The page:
One-on-One With Caesar Wright, President of Mako Steel Inc.
Copyright 2014 by Virgo Publishing.
By: Elaine Foxwell
Posted on: 04/25/2008



 

In 1993, Michael Branon, owner and chairman of the board of Mako Steel Inc., began a niche company focusing on the self-storage construction market. He was joined a year later by construction veteran Caesar Wright.

Since Mako’s specialty is self-storage, 80 percent of its projects are in this industry, with the remaining 20 percent in commercial/industrial. An estimated 70 percent of the company’s business is design/build, while the remaining 30 percent of its jobs involve bid/spec.

Headquartered in Carlsbad, Calif., Mako Steel also has an office on the East Coast in Jacksonville, Fla., allowing it to serve the storage industry nationwide. Recently, Mako Steel opened an office in Vancouver, Wash., and brought new staff on board. Inside Self-Storage spoke with Wright about these changes.

ISS: What does Mako provide the self-storage industry?

Wright:

Mako specializes in the self-storage market, which includes single- and multi-story facilities, climate-controlled, re-roofs and boat/RV storage. Mako can ship and install our products anywhere in the United States. Customers can use our complete in-house engineering department for assistance with the steel and foundation design. Also, we have reliable and reputable steel suppliers and use the best steel erectors we can find.

ISS: Why did you choose to expand to the Northwest?

Wright: We wanted to have a physical presence in the Northwest that will reinforce Mako Steel’s strong ties with repeat customers as well as earn new business. This expansion will also enable us to focus on supplying Canadian customers, especially in British Columbia.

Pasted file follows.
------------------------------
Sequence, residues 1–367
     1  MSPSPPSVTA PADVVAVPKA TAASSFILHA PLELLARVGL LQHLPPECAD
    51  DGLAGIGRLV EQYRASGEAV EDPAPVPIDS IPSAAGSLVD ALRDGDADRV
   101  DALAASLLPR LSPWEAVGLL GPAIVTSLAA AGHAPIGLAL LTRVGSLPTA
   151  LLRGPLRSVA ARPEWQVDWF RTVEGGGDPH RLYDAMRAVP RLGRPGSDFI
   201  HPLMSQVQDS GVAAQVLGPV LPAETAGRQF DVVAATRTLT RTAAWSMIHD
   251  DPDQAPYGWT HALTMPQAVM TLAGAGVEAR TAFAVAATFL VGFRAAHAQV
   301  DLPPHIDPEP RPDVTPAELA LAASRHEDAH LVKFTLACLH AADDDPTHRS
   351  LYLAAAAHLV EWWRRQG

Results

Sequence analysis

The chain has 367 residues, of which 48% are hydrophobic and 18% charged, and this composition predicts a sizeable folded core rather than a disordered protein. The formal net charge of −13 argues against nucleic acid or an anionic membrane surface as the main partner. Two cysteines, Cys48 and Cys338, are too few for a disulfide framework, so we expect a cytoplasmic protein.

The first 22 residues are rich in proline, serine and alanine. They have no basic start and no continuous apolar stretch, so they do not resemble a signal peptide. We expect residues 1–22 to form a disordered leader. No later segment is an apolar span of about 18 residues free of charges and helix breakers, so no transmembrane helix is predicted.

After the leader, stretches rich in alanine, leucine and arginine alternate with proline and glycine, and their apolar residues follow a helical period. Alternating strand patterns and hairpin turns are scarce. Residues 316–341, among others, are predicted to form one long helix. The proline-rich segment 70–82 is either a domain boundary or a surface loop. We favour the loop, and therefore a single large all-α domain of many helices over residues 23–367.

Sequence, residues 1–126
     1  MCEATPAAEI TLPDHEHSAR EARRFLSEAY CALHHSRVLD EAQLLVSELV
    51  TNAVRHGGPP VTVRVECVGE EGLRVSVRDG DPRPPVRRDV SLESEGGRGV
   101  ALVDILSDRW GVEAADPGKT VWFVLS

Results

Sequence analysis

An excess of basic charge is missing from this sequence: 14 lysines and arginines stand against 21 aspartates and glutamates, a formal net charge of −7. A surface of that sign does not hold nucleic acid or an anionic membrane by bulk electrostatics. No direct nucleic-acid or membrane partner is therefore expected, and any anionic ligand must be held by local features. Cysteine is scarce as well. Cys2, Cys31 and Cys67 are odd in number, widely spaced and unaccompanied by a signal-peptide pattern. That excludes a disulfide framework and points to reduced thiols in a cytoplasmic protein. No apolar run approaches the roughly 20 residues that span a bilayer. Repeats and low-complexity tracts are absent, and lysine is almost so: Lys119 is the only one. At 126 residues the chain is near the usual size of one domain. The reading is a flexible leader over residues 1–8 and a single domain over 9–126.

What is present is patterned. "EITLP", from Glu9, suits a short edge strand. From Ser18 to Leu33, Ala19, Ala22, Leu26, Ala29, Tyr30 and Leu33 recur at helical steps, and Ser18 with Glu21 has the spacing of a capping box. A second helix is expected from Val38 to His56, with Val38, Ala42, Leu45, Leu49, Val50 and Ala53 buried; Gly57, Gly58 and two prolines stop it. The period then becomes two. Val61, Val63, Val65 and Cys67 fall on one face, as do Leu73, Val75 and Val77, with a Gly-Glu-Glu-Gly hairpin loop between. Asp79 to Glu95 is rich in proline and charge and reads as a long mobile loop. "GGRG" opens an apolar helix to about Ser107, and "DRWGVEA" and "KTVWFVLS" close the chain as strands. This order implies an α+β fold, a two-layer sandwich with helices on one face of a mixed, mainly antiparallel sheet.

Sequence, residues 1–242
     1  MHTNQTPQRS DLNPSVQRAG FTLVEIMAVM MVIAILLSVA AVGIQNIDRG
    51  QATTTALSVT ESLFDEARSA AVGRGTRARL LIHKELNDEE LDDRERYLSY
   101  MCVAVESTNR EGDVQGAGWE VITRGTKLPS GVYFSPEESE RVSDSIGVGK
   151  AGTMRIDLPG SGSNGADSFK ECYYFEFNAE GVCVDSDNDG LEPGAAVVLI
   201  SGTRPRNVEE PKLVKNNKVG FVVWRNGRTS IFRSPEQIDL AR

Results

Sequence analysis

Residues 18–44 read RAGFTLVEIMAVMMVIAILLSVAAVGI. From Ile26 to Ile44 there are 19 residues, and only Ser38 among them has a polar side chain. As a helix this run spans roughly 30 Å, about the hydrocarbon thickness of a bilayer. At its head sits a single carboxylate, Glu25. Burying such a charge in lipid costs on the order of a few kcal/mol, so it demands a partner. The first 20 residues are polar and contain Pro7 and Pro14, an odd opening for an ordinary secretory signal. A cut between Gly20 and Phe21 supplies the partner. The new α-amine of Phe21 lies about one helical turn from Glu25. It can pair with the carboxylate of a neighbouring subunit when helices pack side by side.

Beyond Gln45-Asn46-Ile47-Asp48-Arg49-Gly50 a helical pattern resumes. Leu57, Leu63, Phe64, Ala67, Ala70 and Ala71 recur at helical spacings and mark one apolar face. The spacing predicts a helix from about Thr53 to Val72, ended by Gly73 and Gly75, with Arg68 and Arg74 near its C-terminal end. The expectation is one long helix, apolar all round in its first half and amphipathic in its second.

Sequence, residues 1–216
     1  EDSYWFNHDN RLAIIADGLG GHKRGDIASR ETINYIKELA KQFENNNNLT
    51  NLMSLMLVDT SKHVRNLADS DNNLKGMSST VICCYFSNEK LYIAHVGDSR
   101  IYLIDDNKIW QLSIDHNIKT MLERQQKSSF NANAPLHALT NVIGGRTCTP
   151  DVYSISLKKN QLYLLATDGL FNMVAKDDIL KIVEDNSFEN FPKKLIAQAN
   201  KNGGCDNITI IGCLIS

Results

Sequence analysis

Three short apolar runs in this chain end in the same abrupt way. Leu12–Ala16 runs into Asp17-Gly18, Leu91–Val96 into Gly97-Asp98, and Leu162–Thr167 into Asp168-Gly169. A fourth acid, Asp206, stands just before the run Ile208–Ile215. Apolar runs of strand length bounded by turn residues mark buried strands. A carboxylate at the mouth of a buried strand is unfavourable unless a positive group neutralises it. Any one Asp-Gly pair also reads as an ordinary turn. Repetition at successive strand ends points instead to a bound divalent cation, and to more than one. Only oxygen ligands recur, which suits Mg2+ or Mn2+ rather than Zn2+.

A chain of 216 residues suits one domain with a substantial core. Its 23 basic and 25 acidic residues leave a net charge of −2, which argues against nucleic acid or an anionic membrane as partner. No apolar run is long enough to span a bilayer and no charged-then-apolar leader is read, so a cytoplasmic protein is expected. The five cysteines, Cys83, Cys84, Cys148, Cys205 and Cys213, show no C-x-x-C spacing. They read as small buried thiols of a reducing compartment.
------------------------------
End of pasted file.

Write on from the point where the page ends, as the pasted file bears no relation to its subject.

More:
ISS: What company changes did you make as a result of opening the Washington location?

Wright: We brought Paul Holmes and Beth Holmes on board. Paul heads up the Vancouver office as district sales manager, and Beth is the new sales coordinator. Paul and Beth possess a unique combination of knowledge and 16 years experience in the field with a reputation of working efficiently to complete their building projects professionally and on time.

ISS: Describe your customer base.

Wright:After our third year in business we saw a definite niche in the storage construction market and really began to focus on it. We have a mix of new and repeat customers and referrals. These last two each make up 35 percent of our business. Our superb service and products has resulted in more than 70 percent of our business coming from repeat and referral customers. This is rare in our industry. We like to work with first-time facility developers and, as a result, they tend to stay with us as they grow their portfolios.

ISS: What are your company’s goals and what strategies do you use to accomplish them?